The main signs of biliary tract cancer are jaundice, abdominal pain and weight loss. Jaundice typically appears over 2 weeks and is associated with fever. Stricture, gallstones and/ or lump may be visible as the tumour progresses. There is evidence of hepatocellular cancer in up to one third of patients which is associated with liver dysfunction and/ or decreased appetite.
Chronic inflammation in the biliary tree is strongly associated with the development of hepatobiliary cancers. The role of bile acids may be particularly important in the development of carcinoma of the biliary tract in patients with primary sclerosing cholangitis for whom choledochoscopy is performed.
Many patients and caregivers would appreciate the benefit of this study. Although it would appear that more patients would be eligible in the future, our main aim is to determine whether patients with this disease do in fact have longer survival rates once the disease is successfully treated. We hope that our findings will convince patients and their families that their life span can be prolongable by choosing to receive active treatment, even if they are not in a location that has an existing biliary tract cancer treatment centre. It is our hope that further studies that compare current and experimental treatment options for this disease will lead to improved treatment modalities and patient survival outcomes.
Biliary tract cancer is a disease that has been steadily increasing in incidence. In the developed world, it may become an important cause of death in the future. We suggest a definition for an early diagnosis of biliary tract cancer and an establishment of an accurate and precise diagnostic protocol for it.
Biliary tract cancer is relatively common (10,000 cases per year) in the US, representing 3-5% of all male liver cancer cases. In patients with resectable pancreatobiliary malignancies, a multimodality approach to chemoradiation resulted in an overall survival benefit similar to that demonstrated by the National Surgical Adjuvant Breast and Bowel Project (NSABP).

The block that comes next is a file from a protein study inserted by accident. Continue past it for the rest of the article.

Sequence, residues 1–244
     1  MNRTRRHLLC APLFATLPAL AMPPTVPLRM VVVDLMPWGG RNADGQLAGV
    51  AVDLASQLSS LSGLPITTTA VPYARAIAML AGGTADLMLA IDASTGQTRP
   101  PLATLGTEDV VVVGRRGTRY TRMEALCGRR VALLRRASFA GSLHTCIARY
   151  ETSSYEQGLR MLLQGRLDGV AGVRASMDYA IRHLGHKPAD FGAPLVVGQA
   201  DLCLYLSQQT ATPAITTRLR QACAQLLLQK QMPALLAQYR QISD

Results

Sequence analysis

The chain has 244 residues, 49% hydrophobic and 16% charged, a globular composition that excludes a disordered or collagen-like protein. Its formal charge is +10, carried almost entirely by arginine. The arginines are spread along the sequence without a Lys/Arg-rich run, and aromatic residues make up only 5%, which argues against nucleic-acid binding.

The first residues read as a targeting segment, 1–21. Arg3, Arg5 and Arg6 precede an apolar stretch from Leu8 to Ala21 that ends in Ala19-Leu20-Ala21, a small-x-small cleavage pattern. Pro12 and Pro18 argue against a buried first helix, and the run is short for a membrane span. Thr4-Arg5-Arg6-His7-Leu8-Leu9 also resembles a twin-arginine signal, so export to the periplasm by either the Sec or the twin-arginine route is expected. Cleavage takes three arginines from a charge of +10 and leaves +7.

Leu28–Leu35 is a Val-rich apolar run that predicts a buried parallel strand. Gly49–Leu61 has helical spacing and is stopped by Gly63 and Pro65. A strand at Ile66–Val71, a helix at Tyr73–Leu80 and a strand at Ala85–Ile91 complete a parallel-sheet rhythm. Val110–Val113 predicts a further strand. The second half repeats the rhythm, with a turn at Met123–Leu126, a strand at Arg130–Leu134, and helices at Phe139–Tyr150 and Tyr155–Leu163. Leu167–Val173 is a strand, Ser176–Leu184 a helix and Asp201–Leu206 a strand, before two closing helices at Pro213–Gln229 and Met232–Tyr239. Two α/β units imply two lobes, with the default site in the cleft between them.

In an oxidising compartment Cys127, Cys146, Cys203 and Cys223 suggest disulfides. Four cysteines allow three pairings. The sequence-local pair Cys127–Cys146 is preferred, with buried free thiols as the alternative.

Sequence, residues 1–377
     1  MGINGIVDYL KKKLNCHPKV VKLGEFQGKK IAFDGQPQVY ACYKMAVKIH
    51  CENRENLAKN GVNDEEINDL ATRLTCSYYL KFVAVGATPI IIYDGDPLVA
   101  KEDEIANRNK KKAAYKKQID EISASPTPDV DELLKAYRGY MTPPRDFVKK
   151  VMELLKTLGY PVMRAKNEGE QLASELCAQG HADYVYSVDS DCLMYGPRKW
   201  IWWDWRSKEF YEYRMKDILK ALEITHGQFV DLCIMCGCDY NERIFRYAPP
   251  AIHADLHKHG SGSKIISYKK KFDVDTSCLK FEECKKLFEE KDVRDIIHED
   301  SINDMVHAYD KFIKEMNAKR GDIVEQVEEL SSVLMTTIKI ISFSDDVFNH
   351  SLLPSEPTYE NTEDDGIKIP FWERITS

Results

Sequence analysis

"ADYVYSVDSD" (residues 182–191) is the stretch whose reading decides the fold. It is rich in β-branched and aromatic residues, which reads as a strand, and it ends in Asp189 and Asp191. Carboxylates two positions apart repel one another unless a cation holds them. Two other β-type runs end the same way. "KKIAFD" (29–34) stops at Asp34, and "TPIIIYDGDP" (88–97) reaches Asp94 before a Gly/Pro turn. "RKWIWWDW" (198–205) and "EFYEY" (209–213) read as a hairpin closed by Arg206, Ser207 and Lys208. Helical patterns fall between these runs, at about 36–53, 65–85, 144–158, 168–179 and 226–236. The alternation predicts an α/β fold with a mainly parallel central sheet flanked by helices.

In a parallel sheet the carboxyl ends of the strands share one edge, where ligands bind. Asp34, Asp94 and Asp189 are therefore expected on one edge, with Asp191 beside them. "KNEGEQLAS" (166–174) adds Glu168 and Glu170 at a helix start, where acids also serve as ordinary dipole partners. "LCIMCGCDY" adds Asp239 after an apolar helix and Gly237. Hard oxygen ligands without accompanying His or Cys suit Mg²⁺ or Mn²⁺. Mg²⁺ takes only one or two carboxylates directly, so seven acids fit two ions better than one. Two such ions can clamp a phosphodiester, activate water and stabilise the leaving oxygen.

Most common treatment options for biliary tract cancers include surgery, chemotherapy, radiation therapy and targeted therapy. Because of the limited data that exist on outcomes and cost-benefit analyses for all of these modalities for treating this disease, the use of specific surgical, radiation, and targeted therapies remain a contentious subject, and future studies will be required to adequately evaluate efficacy and cost-effectiveness for the management of biliary tract cancers.
Although current treatment, such as a surgical resection or a transarterial chemoembolization, could be a palliative therapy, the median survival time is about 2 years. Because of the lack of sufficient evidence for its efficacy, clinical trials could provide more effective treatment.
Findings from a recent study provides evidence that more than 80% (13 out of 16) of the families had a history of a second biliary tract cancer. If the occurrence of biliary tumor is a part of the autosomal dominant pattern we should consider a genetic study in families harboring biliary malignancies or a more complete gene analysis in those with only a family history of the disease.
Olaparib inhibits progression to BCLC stage 1 HCC by blocking the ability of BCLC-C cells to invade blood vessels, which results in decreased tumor proliferation and angiogenesis. Further studies with more patients and longer durations of olaparib therapy are warranted.
Olaparib has progressed smoothly to the point where its use, especially in combination with platinum-based chemotherapy, is now being widely adopted for the treatment of a variety of solid tumors.
Until recent years, most of the treatment for patients with biliary cancer had been based on the principles of neoadjuvant treatment, in which preoperative treatment was given to reduce tumor size and staging, followed by surgical removal of the tumor, and finally adjuvant therapies. Today, we have many different adjuvant therapies that can help treat the disease; the main target of each individual therapy is to destroy metastases and shrink the primary tumor.
In this first phase II, nonrandomised, open-label study, daily treatment with 240/300/400mg oral olaparib was well tolerated, and was associated with an improvement in HR-QoL, a measure of HRQoL, and cancer-related fatigue. Further studies are needed to confirm these findings among a large number of patients in phase III clinical trials.